Windows Home Server does not support RAID (and as soon as the volume size would be larger than 2 TB the remaining space would be wasted). See also the Blog entry Why RAID is not a consumer technology.
    Instead it has a feature named folder duplication, which allows you to ensure, that the content of selected shared folders is stored on two physical disks.
    So use your data disks as single drives, and only use as much drives as you really need for shared data, duplication and backups. (Unnecessary disks will stay empty as long as not needed and spin idle all the time.)

    Also removing the DATA volume from the system disk is not supported and (even if it could eventually be done) will lead to problems in scenarios like WHS updates or a necessary server reinstall. If you wish to increase the size of the system volume, this is done the best after the initial stage of installation before the first reboot. Swap the WHS DVD against a Vista DVD, boot from it and use the diskpart command in the repair environment command prompt to increase the system volume by a selected size, i.e.:
    diskpart
    select volume C:
    extend size=30000


    (would increase the volume by 30 GB - given it is detected as C: at this stage, otherwise you have to select it after issuing the command list volume)
    After that exit the diskpart prompt, swap in the WHS DVD again into the drive and reboot.

    Be aware, that this also is not supported (even f it works painless) and that the only official recovery scenarios for the system volume are the Server reinstallation/New installation. So reinstalling/configuring all software and add-ins as well as recreating the user accounts would be the mimimum tasks to do after that.

    Best greetings from Germany
    Olaf
    Tuesday, May 12, 2009 8:38 AM
    Moderator
  • My main reason to attempt RAID5, was because I don't want to be tied down to WHS, as I might move on to bigger and better things later down the track.
    If I was to use RAID, then I would just be able to take out the OS drive if needed, and throw in something else (let's use linux as an example). And not have to worry about removing the OS and my data being available.


    I understand WHS uses something like a RAID, where the data is spread out over the disks you add. But it is a software based setup where if I take the OS away, the data is unusable.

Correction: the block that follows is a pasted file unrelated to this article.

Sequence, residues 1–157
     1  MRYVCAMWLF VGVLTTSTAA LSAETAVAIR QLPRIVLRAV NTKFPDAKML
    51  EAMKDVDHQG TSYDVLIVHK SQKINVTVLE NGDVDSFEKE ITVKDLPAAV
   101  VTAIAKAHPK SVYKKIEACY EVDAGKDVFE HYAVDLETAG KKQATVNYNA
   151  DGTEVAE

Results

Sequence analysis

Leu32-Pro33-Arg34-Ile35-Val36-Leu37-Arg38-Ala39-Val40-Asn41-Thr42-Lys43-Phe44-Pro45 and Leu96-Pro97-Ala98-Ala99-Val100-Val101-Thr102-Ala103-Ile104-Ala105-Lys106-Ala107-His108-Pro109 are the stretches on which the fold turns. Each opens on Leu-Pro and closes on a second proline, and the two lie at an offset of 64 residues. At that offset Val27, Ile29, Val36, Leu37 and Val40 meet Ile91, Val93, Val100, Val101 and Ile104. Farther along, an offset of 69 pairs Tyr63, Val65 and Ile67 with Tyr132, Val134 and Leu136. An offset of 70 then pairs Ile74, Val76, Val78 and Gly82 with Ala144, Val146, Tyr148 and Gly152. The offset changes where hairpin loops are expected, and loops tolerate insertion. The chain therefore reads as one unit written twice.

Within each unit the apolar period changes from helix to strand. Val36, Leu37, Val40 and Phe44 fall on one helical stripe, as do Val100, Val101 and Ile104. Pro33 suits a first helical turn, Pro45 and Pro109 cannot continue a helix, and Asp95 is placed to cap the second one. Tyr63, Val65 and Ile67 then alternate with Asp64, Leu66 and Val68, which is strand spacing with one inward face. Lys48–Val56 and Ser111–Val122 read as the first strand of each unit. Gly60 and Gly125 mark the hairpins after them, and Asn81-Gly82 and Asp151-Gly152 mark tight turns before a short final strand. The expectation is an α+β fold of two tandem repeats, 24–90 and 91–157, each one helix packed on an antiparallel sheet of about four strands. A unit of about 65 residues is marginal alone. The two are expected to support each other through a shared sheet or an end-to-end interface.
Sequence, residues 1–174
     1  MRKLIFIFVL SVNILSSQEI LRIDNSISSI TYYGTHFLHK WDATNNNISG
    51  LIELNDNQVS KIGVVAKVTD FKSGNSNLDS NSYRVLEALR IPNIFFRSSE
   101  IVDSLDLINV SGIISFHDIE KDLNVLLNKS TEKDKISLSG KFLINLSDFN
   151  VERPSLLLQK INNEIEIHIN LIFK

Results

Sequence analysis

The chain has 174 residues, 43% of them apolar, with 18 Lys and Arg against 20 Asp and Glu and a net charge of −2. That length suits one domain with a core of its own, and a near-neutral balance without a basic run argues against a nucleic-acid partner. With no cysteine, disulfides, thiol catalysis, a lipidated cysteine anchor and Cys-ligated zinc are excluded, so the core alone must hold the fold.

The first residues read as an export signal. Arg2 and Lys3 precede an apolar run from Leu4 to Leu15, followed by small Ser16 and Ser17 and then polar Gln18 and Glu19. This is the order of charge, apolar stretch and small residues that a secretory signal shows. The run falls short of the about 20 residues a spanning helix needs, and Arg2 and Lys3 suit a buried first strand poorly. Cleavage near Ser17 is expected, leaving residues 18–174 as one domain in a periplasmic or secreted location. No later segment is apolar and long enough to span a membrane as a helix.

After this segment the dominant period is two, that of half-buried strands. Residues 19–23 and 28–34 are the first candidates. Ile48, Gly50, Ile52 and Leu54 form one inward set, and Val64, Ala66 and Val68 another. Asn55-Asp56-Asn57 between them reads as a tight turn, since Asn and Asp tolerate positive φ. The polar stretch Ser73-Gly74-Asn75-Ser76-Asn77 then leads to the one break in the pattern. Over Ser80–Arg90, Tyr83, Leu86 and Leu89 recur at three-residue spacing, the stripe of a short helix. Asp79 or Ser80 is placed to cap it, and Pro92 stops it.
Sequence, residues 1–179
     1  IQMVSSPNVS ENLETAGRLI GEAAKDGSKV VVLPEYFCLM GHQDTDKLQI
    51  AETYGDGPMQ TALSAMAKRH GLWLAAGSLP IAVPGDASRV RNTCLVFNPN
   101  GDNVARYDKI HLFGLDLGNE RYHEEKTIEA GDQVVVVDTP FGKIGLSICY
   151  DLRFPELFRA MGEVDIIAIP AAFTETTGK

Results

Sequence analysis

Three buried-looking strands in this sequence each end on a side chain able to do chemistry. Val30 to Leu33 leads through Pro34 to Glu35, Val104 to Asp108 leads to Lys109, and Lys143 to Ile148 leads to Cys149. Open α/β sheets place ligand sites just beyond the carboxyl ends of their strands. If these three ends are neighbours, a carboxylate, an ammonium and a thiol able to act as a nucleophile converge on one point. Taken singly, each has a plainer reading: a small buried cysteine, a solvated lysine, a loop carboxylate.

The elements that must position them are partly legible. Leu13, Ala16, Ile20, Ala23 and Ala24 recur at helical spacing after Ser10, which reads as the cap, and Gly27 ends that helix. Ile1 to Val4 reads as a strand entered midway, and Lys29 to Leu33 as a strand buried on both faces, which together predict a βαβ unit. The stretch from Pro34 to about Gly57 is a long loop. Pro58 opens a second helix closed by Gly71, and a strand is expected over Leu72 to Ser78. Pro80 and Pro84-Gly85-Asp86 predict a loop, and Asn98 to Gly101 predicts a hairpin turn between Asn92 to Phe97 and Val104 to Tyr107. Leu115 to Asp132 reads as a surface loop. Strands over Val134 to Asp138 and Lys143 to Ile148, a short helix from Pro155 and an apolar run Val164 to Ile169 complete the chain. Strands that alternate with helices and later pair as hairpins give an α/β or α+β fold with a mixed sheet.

With the comment you mentioned at the start:
    'and as soon as the volume size would be larger than 2 TB the remaining space would be wasted'

    Do you mean that any volume >2TB, WHS will only be able to see a maximum of 2TB?
    Tuesday, May 12, 2009 9:39 AM
  • Do you mean that any volume >2TB, WHS will only be able to see a maximum of 2TB?

    Yes, exactly. Windows Home Server does not support GPT disks, which would be necessary to address larger single volumes.

    Best greeetings from Germany
    Olaf
    Tuesday, May 12, 2009 9:42 AM
    Moderator

  • I understand WHS uses something like a RAID, where the data is spread out over the disks you add. But it is a software based setup where if I take the OS away, the data is unusable.


    The data is still usable without the operating system.  Please see the Technical Brief on Drive Extender.

    From the brief:

    Windows Home Server Drive Extender does nothing unique to the secondary data partitions or the files on them, which enables you to recover most of the lost data—even in worst-case scenarios. If the home server fails completely, all the surviving drives can be attached to a computer that is not even running Windows Home Server Drive Extender, and you can copy the files from the drives to that computer. Because the files retain their original names and paths (under the \DE directory), the files can be used with no specific recovery steps.


    Lara Jones [MSFT] | Program Manager
    Community Support and Beta | Windows Home Server Team
    Windows Home Server Team Blog
    Connect Windows Home Server
    Windows Home Server
    Tuesday, May 12, 2009 12:46 PM
    Moderator